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Boston's art, unlike its music, is not widely publicized, and an outline of the considerable felicities of local museums and galleries should prove helpful to the many newly arrived in the city. Cambridge's Fogg Museum is, itself, an unvalued jewel to many. The museum maintains a permanent collection of remarkable worth, particularly in Italian primitives, Eighteenth and Nineteenth Century French painting, oriental art, English watercolors, and prints. It has frequent loan exhibits, a distinguished example being the Maurice Wertheim collection of post-impressionists and modern French painting shown this summer. At present Fogg is displaying its own fine collection of old master drawings.
The Boston Museum of Fine Arts, despite its plethora of Copley, Gilbert Stuart, and Boston's favorite John Singer Sargent, is second only to the Metropolitan and the National Gallery among American museums. Its greatest prize is its collection of Chinese art, the largest and finest in the Occident, and its Japanese, Persian, and Indian collections are scarcely less impressive. The museum is also distinguished for Egyptian, Classical, and Gothic works, and for European painting, particularly Italian primitives, Turner and Blake watercolors, and French impressionists.
Fenway Court contains Isabella Stewart Gardner's vast, ill-assorted art collection. Included among much of little or no value, are some of the finest Italian paintings in the country including a Simone Martini polytych, a small Giorgione, and Titian's "Rape of Europa." French and German portraits, Flemish tapestries, and oriental works are also discernible, and delightful, among the litter of Sargents, Sorollas, and Zorns.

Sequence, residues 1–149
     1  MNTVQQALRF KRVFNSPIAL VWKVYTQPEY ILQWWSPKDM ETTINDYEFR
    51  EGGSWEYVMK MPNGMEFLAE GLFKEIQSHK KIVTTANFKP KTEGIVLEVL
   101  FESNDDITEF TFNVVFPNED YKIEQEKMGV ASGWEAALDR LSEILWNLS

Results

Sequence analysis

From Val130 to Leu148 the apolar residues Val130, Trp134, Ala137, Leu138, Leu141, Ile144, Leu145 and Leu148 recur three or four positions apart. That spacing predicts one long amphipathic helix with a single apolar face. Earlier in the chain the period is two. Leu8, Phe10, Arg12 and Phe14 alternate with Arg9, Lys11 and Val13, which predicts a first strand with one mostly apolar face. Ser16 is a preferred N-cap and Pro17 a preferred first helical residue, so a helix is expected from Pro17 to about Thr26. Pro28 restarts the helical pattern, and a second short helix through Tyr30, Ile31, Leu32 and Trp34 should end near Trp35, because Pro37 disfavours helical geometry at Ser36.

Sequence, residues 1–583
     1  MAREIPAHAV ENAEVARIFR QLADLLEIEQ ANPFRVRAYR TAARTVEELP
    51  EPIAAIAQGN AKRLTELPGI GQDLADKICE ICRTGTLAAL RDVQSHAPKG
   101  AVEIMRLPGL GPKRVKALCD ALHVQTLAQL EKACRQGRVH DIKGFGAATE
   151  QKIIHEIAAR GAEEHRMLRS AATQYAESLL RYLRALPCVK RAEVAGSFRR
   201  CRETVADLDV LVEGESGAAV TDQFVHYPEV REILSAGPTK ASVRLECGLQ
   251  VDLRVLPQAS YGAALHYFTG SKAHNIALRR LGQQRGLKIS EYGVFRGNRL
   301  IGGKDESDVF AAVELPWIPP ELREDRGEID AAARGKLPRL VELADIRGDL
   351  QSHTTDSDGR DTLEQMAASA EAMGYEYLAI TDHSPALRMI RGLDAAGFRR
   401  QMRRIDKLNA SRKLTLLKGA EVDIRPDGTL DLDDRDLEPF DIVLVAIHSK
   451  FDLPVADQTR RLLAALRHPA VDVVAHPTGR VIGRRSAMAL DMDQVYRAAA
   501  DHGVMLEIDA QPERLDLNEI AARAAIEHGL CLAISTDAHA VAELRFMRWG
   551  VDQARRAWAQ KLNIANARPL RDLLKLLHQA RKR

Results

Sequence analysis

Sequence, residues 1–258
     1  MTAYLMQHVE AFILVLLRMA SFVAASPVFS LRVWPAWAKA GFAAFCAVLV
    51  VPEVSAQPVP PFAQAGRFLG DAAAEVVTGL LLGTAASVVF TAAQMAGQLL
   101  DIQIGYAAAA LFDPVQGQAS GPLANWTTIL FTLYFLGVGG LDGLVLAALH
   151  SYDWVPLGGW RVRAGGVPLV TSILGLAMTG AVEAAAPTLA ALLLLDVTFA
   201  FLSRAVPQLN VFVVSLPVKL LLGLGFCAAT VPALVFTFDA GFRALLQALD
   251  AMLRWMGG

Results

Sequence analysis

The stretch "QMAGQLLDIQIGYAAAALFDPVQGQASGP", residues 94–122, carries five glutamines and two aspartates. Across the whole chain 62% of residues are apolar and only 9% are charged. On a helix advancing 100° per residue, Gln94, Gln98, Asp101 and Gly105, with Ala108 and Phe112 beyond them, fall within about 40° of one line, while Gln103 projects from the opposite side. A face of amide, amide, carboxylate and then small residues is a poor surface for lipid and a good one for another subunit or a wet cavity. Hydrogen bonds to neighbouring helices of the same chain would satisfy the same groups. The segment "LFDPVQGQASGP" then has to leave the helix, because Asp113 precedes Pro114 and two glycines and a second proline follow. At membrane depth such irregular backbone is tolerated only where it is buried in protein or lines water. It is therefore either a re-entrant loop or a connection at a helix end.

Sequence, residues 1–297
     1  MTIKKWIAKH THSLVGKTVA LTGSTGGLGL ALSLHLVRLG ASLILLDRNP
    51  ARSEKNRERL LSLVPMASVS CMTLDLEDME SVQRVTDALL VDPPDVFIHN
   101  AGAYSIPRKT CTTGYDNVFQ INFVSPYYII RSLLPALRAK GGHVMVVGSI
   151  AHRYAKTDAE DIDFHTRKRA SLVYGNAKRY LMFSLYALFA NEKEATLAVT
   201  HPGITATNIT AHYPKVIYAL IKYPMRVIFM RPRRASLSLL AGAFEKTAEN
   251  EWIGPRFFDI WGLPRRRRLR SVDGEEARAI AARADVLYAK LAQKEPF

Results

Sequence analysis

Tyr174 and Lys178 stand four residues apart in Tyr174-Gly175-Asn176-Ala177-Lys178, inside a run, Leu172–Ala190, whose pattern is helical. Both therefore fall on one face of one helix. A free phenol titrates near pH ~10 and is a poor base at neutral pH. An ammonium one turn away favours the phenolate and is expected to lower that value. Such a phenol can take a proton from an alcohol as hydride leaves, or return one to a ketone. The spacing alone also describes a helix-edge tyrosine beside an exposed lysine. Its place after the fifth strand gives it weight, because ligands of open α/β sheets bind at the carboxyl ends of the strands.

Modern art, while less grandly displayed, has an active and enterprising local representation. The Institute of Modern Art, a non-profit organization, with galleries on Newbury Street, maintains no permanent collection but has frequent showings of distinguished contemporary painting. It is, at present, holding its Tenth Anniversary Retrospective Exhibition, including major works by Picasso, Matisse, Roualt, Henri Rousseau, Klee, Marin, and Siqueiros. Boris Mirski's Gallery, also on Newbury Street, shows mainly Mexican and Boston moderns. The current show comprises paintings by pupils and admirers of Karl Zerbe, the celebrated and versatile Boston romantic. Mirski's also sells original paintings and prints by local artists, and maintains a large collection of Persian and Indian miniatures.
The Stuart Art Gallery also carries an extensive stock of originals and prints and does considerable framing work. Their exhibition this month is the series of paintings of the "Temptation of Saint Anthony," which Mayor Curley recently condemned as offensive to religious persons. The show contains some interesting interpretations by such painters as Abraham Rattner, Salvador Dali, Ivan Albright, and Dorothea Tanning; but only Max Ernst's prize-winning canvas captures the terror brought to the theme by the Gothic Masters.
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